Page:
the delicious mixture of cultural cuisines. Broke Da Mouth Grindz is tucked in a small, out-ofthe-
way shopping center in Kailua-Kona’s industrial area on the island of Hawai‘i, but its garlic chicken
deserves all of its fan hype and is worth the search. Though Da Kitchen Cafe
gets creative with a menu of specialty loco moco and sides like deep-fried Spam musubi, it also
offers some of the best – and largest – plate lunches on Maui. On O‘ʻahu, Helena’s Hawaiian
Food has been serving up quality traditional-style Hawaiian cuisine – including pipi kaula-style
shortribs, laulau and squid lu‘au – to Honolulu customers for more than 72 years. If your food
travels take you to Kaua‘i, stop in at Mark’s Place in Lihu‘ē for fast, affordable and ‘‘ono (tasty)
local-style comfort food. One of its most-popular plates is packed with the Hawai’i comfort food
staples chicken katsu, teriyaki beef and beef stew, with sides of rice and potato macaroni salad.
Photo credit: Hawai‘i Tourism Authority - Lucy Laucht


Hawai‘i’s agricultural crops benefit greatly from the Islands’ nutrient-rich volcanic soil. Embark
on your farm-to-table journey at local-favorite spots like Sweet Cane Cafe on the island of
Hawai‘i. Ever sipped on sugarcane juice, or cane-juice-based smoothies and slushies? You will
at Sweet Cane, which also offers delicious, nutritious and organic farm-to-table eats. Menu
items at a‘a Roots Maui are strictly vegan and locally sourced, and include savory bowls,
salads, smoothies and juices that don’t disappoint. Whether you’re vegan or not, a‘a Roots aims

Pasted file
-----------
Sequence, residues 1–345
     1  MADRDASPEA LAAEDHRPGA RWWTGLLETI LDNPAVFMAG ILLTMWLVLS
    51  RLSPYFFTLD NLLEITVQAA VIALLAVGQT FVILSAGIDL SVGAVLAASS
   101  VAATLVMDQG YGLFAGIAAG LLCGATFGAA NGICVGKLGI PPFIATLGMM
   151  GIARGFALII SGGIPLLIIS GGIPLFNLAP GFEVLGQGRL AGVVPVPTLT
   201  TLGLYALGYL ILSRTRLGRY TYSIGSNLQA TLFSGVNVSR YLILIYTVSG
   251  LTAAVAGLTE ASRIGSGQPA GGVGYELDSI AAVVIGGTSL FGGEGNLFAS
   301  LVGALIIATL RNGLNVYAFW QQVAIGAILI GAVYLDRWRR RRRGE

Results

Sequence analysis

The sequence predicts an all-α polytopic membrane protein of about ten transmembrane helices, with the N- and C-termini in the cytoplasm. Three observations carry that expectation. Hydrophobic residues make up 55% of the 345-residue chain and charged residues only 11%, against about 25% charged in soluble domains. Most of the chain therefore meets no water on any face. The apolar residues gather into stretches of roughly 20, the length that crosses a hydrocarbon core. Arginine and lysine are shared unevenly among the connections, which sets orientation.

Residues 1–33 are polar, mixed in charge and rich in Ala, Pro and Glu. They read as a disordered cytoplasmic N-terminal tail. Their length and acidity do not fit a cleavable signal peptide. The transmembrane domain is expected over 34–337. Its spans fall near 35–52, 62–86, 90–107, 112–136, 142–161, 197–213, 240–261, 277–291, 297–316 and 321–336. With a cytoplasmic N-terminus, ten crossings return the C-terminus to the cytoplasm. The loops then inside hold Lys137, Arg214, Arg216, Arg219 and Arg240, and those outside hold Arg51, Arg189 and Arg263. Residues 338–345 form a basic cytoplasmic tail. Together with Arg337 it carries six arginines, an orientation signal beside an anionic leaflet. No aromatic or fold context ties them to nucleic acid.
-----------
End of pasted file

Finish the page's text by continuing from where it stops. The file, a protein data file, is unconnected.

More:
to change the way you view vegan cuisine. ‘Ai Love Nalo is a plant-based restaurant in the
O‘ʻahu town of Waimānalo that sources from local farms, crafts its dishes from scratch and is
passionate about promoting health and wellness in its community. On Kaua‘i, Verde serves
100-percent grass-fed beef raised on island, antibiotic and hormone-free chicken, and pork from
local farmers and producers.


Should you find yourself exploring historic downtown Hilo, head to Moonstruck Patisserie for
a cup of espresso, bites of the bakery’s delectable desserts and the right amount of sugary
sweetness to uplift your day. Ready for chocolate aficionados, Maui Specialty Chocolates in
Kahului is best known for its fresh and fluffy chocolate-filled mochi. On Moloka‘i, Kanemitsu
Bakery’s famous hot bread – served warm and filled with gooey, sweet cream cheese, butter
and fruit spreads – has for decades kept fans (and the just plain curious) trekking a dark
Kaunakakai town alley most nights for a taste. The experience is still best on Moloka‘i. But you
can now purchase hot bread from a Kanemitsu Bakery food truck roaming the island of O‘ʻahu
as well. Wailua Shave Ice on Kaua‘i serves Hawai‘i-style shave ice topped with syrups made
from fresh local fruit and no artificial flavors, dyes or high fructose corn syrup. Order the Lava
Flow, a popular shave ice pick crafted with pineapple juice, strawberry puree, and toppings of
coconut foam, pineapple and strawberry.
Wailua Shave Ice <span aria-label=Kauaʻi" src="/sites/default/files/Wailua-Shave-Ice-%28Kauai%29_0.jpg" />
Photo credit: Hawai‘i Tourism Authority - Heather Goodman